When it comes to ethics and morals, it’s even more complex. Different religions teach different things (though there is a commonality at the core), so people’s consciences are formed differently. Many atheists and agnostics are turned off by each religion thinking it’s right and all the others are wrong–as in the personal experience I just mentioned. They see people of other religions living good lives but not believing “the right thing” according to their own religion of origin, and being condemned for those “wrong beliefs” even though they may actually be living more loving and thoughtful–and therefore more God-like–lives than those who are condemning them.

    Some of my thoughts on this subject are in one of my own most popular blog posts:
    If there’s One God, Why All the Different Religions?

    I think there would be fewer atheists and agnostics if religious folks as a whole were somewhat less sure they are absolutely right, and somewhat more willing to believe that God is in everyone else’s religion, too.

    • Thank you for stopping by and for your thoughtful comments!

      I respect atheists and agnostics who have honest questions but are respectful of religion and people who are religious. I have no patience for people who just want to bash religion to prove how “superior” they are, especially when it’s clear that they don’t actually know much about religion. I suppose patience is one of the virtues I still need to work on 🙂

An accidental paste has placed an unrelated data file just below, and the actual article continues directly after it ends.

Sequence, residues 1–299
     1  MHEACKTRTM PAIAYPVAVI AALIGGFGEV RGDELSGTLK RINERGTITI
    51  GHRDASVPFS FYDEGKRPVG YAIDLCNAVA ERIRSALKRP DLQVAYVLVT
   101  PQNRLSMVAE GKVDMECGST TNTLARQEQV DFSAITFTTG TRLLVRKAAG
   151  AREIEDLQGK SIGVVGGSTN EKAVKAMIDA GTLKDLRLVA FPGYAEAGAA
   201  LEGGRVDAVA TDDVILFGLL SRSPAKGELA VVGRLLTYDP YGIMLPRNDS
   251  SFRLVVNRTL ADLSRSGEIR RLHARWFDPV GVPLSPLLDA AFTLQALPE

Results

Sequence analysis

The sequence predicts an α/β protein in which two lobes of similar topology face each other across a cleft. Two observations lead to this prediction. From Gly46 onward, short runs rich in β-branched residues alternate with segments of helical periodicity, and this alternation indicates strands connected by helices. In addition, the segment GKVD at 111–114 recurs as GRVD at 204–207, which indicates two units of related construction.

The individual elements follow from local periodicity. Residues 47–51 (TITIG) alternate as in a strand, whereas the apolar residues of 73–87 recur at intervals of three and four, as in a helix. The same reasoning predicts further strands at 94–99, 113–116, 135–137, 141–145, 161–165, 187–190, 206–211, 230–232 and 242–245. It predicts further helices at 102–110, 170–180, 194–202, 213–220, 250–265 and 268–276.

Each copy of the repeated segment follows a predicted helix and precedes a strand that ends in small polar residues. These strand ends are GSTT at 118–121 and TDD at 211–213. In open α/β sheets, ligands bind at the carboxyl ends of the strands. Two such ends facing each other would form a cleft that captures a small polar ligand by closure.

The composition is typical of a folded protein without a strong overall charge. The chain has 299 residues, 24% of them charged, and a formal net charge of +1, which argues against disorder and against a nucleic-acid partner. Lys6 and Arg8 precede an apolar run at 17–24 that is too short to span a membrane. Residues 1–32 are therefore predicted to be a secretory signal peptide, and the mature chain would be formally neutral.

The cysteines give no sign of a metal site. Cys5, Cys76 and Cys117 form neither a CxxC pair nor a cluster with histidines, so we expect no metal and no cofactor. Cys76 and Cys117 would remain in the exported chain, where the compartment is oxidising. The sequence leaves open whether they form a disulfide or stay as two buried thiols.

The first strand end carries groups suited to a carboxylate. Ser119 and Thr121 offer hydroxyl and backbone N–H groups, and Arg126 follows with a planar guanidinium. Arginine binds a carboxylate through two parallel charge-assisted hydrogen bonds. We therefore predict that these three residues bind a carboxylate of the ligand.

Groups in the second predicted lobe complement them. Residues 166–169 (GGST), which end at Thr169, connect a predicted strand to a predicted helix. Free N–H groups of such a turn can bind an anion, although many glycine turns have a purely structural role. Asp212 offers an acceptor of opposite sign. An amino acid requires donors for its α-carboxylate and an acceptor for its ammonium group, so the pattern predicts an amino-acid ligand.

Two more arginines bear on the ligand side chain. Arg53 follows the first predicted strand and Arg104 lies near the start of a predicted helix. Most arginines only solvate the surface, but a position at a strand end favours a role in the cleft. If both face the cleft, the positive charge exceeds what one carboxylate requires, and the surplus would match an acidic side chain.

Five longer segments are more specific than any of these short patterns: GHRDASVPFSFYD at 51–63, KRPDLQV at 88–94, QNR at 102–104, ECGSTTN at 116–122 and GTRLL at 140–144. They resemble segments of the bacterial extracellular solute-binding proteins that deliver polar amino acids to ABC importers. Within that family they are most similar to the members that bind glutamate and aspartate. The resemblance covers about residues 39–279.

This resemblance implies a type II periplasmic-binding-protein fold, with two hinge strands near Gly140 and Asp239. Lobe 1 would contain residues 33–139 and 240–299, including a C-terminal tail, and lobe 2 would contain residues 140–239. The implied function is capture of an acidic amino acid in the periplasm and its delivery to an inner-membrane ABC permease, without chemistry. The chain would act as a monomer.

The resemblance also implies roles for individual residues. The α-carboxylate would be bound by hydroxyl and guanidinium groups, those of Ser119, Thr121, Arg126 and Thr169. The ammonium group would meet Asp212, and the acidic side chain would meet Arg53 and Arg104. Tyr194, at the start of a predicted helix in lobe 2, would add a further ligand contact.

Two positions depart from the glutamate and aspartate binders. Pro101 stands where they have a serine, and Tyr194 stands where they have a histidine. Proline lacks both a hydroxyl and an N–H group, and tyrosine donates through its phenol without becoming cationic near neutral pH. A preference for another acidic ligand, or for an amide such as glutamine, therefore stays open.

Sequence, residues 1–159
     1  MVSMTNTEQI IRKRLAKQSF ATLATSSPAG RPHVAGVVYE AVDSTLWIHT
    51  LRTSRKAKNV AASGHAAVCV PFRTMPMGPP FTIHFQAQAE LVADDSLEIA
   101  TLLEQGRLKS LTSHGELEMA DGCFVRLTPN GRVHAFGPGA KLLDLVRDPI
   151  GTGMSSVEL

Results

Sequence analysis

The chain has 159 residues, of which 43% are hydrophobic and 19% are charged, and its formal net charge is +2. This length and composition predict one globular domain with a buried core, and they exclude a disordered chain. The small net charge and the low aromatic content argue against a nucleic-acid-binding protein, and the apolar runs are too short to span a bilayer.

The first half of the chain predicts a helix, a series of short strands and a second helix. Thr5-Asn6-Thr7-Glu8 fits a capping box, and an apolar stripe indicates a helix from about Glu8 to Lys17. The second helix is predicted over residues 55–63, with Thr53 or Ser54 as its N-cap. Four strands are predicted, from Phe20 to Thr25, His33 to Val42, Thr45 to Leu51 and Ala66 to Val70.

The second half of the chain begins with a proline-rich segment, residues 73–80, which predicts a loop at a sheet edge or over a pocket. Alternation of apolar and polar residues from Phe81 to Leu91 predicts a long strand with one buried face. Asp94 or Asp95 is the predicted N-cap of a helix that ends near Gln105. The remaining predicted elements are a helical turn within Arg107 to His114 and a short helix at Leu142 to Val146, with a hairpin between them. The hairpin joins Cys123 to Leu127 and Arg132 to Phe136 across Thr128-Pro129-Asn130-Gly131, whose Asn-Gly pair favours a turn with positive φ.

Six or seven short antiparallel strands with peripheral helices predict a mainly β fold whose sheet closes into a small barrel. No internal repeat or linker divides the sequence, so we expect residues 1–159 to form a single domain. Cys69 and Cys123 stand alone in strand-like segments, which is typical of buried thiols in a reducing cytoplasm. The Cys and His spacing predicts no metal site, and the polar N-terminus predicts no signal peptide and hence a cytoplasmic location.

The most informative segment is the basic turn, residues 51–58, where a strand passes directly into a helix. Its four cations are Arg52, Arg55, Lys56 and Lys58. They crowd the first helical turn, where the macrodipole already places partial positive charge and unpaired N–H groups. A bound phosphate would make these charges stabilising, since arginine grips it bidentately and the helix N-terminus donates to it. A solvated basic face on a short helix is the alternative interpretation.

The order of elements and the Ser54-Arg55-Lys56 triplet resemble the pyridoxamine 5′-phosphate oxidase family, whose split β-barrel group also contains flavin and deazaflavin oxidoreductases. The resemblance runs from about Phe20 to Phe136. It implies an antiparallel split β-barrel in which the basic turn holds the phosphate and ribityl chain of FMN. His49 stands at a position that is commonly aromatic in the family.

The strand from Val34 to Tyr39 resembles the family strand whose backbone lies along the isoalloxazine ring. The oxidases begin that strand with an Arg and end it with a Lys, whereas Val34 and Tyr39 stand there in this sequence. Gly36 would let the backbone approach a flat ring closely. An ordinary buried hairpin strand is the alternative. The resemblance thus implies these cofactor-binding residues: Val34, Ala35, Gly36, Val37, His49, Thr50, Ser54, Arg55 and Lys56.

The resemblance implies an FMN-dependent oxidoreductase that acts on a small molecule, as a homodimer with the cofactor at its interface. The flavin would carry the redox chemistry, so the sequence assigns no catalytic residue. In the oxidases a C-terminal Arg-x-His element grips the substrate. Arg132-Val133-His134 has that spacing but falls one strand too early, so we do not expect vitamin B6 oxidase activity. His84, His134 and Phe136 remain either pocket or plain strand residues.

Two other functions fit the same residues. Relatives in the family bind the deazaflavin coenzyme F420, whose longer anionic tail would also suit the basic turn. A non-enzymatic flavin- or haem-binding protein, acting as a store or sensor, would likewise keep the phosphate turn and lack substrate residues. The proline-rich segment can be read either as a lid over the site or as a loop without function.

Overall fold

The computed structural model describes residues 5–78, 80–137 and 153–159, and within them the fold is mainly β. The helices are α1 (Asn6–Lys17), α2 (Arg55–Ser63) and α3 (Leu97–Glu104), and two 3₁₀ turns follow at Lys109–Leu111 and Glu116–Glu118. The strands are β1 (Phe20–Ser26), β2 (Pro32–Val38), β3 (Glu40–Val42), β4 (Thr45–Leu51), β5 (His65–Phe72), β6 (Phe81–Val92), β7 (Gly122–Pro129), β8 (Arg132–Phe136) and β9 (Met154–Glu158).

Your post was really interesting. While I don’t think any one religion has a monopoly on God or truth, I do believe my religion to be the one true religion (the Church of Jesus Christ of Latter Day Saints, commonly called “Mormons”). If I didn’t think my religion was the right one, why would I bother going to church and living by its doctrines? But on the other hand, I don’t necessarily think someone is going to go to hell for not believing the way I do. I have great respect for people who live according to their convictions, even if I don’t agree with them. I feel that actions are more important than faith, not to belittle faith. Faith is certainly important, but doesn’t amount to much if it doesn’t inspire one to love others and be a good person.

      Side note: Latter Day Saint doctrine also allows for all people to be saved, regardless of religion. We believe that, when we die, we are (of course) judged for our actions and beliefs, but those who never heard the gospel of Christ have a chance to be taught about Christ, to accept Him, and be redeemed.

      A lot of times the version of Christianity that gets bashed is the simplistic version, as you pointed out. I think of that as the version we tell children. At school and at church, we tell children the “simple version” of things. We expect them, however, to mature and gain an understanding of the complex, or, more accurate version. This process never stops; I’m still learning more about the gospel of Christ even though I grew up a Christian. As you said, we finite humans don’t have the absolute truth; we just do our best to approximate it.